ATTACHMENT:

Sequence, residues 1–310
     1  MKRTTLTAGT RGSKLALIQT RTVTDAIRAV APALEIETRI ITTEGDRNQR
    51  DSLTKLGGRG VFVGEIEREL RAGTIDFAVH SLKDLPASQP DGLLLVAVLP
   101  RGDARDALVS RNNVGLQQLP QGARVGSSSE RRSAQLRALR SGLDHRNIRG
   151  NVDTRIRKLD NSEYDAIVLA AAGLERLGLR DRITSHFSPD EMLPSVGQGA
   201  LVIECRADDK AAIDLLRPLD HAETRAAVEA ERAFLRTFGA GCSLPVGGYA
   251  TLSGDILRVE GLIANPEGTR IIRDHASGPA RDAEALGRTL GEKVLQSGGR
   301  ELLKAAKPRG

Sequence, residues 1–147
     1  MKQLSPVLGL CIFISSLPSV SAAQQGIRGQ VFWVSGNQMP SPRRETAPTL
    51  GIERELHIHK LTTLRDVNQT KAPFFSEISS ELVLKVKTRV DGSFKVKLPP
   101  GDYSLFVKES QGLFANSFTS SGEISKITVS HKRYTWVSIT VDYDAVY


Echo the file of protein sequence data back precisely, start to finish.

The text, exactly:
Sequence, residues 1–310
     1  MKRTTLTAGT RGSKLALIQT RTVTDAIRAV APALEIETRI ITTEGDRNQR
    51  DSLTKLGGRG VFVGEIEREL RAGTIDFAVH SLKDLPASQP DGLLLVAVLP
   101  RGDARDALVS RNNVGLQQLP QGARVGSSSE RRSAQLRALR SGLDHRNIRG
   151  NVDTRIRKLD NSEYDAIVLA AAGLERLGLR DRITSHFSPD EMLPSVGQGA
   201  LVIECRADDK AAIDLLRPLD HAETRAAVEA ERAFLRTFGA GCSLPVGGYA
   251  TLSGDILRVE GLIANPEGTR IIRDHASGPA RDAEALGRTL GEKVLQSGGR
   301  ELLKAAKPRG

Sequence, residues 1–147
     1  MKQLSPVLGL CIFISSLPSV SAAQQGIRGQ VFWVSGNQMP SPRRETAPTL
    51  GIERELHIHK LTTLRDVNQT KAPFFSEISS ELVLKVKTRV DGSFKVKLPP
   101  GDYSLFVKES QGLFANSFTS SGEISKITVS HKRYTWVSIT VDYDAVY